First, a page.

MSMGF Welcomes First-Ever WHO Guidelines on HIV Prevention for Men Who Have Sex with Men and Transgender People

Published: June 21, 2011

For Immediate Release
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MSMGF Welcomes First-Ever WHO Guidelines on HIV Prevention for Men Who Have Sex with Men and Transgender People

Guidelines examine effectiveness of available interventions, emphasize human rights approach

June 21, 2011 (Geneva, Switzerland) – The Global Forum on MSM & HIV (MSMGF) welcomes the first-ever guidelines from the World Health Organization on the prevention and treatment of HIV and other sexually transmitted infections for men who have sex with men (MSM) and transgender people.   Developed in consultation with key stakeholders and civil society around the globe, the guidelines assess the effectiveness of available interventions and emphasize the importance of a human rights approach to healthcare for these populations. 

The guidelines come at a time when HIV rates among MSM are surpassing 20% in a wide range of countries, including Jamaica, Mexico, Thailand and Zambia.  Despite the clear need for services, it is estimated that fewer than one in ten MSM around the world have access to even the most basic HIV prevention and treatment options.  While data on the epidemic among transgender people is extremely scarce, reports indicate that rates of HIV infection and access to services for this population are even worse.

“The release of these guidelines is an important step toward achieving the standard of health and human rights that all MSM and transgender people deserve,” said Dr. George Ayala, Executive Officer of the MSMGF, who consulted on the development of the guidelines.  “The recommendations give policy officials and healthcare professionals evidence-based guidance for serving our communities, and they offer civil society a benchmark to which we can hold our governments accountable.”

The guidelines profile a number of prevention and treatment interventions targeting MSM and transgender people, including condom use, behavioral interventions, internet-based strategies, and anti-retroviral treatment.  The document then gives technical recommendations for each category of intervention based on available evidence. 

The document’s recommendations for individual interventions are supplemented with a set of overarching principles to help ensure the efficacy of any intervention targeting these populations.  Referred to in the guidelines as Good Practice Recommendations, these principles include human rights protections for MSM and transgender people, elimination of stigma and violence against these groups, and inclusive health services with enhanced sensitivity and education among healthcare professionals.

“Stigma, discrimination and human rights violations have played a major role in blocking access to essential health services for MSM and transgender people in all world regions,” said Krista Lauer, Policy Associate at the MSMGF.  “These abuses are especially damaging when they are inflicted by healthcare professionals.  This document sends a clear message to the health sector that discrimination against MSM and transgender people is not only unacceptable, it completely undermines efforts to deliver an effective public health response to HIV.”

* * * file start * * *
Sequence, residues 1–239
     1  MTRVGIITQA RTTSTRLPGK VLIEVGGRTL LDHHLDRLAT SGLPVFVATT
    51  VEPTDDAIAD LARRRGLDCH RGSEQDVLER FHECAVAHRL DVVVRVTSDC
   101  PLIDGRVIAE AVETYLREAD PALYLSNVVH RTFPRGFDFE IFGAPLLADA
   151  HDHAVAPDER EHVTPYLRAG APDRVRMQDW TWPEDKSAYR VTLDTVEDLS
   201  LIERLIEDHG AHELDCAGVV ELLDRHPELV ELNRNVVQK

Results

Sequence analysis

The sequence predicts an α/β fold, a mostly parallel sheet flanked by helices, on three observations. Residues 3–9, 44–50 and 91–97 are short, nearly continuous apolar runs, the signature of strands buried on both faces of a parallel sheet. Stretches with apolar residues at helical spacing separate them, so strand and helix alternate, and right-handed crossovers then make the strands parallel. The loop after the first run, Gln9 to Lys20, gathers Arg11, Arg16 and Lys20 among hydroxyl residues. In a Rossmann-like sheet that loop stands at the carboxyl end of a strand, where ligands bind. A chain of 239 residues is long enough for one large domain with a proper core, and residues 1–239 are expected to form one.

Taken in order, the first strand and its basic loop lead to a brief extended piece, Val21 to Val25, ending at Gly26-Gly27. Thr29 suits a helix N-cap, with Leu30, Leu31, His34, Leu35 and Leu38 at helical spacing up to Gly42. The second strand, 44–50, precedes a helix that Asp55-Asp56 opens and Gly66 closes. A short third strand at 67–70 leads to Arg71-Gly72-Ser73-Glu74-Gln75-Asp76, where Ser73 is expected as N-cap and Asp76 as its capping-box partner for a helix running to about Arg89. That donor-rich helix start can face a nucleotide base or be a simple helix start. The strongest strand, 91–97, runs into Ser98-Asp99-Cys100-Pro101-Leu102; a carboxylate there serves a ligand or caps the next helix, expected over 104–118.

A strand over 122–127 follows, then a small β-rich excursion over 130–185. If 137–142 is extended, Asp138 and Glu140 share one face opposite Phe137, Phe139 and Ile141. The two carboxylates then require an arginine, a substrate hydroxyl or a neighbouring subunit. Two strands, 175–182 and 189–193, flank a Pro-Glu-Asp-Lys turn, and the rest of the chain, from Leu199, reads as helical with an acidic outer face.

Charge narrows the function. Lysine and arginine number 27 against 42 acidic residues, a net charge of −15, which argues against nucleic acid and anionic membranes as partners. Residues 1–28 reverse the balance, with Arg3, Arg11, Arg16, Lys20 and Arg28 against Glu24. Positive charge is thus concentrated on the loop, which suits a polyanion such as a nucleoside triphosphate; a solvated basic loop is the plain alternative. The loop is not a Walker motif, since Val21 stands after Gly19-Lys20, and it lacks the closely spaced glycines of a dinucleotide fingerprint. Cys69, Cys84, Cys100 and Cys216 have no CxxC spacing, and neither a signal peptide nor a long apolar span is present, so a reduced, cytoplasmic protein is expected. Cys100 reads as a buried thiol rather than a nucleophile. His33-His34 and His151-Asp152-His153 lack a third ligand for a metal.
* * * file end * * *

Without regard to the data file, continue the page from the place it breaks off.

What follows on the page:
The WHO urges that the guidelines be integrated with each country’s national HIV/AIDS strategy. While the WHO recognizes that different countries will have to implement these recommendations at different paces due to available resources, the organization asserts that country-level strategic planning should be directed toward the eventual implementation of all recommendations in the guidelines to achieve universal access to HIV services for these populations nationally.

“This is only the beginning,” said Dr. Ayala. “The recommendations are solid, benefiting from the input of community-based organizations around the world.  Now these recommendations must be integrated within country AIDS responses, combining effective interventions to ensure maximum impact.  As we move forward, it is essential that civil society remains meaningfully involved in every step of the process.  Community organizations have been at the heart of the HIV response for MSM and transgender people since the epidemic began – their expertise, leadership and steadfast commitment hold the key to bringing this crisis to an end.” 
Note to Editors: As part of the guidelines development process, the WHO commissioned the MSMGF to assess the values and preferences of MSM and transgender people regarding different prevention and treatment options. The MSMGF conducted in-depth interviews with MSM and transgender people from 27 different countries across six world regions, both HIV-negative and living with HIV.  The press release and final report from that assessment is available below:

Press Release:

Full Report:

The WHO Guidelines can be found at:
The Global Forum on MSM & HIV (MSMGF) is an expanding network of AIDS organizations, MSM networks, and advocates committed to ensuring robust coverage of and equitable access to effective HIV prevention, care, treatment, and support services tailored to the needs of gay men and other MSM. Guided by a Steering Committee of 20 members from 18 countries situated mainly in the Global South, and with administrative and fiscal support from AIDS Project Los Angeles (APLA), the MSMGF works to promote MSM health and human rights worldwide through advocacy, information exchange, knowledge production, networking, and capacity building.

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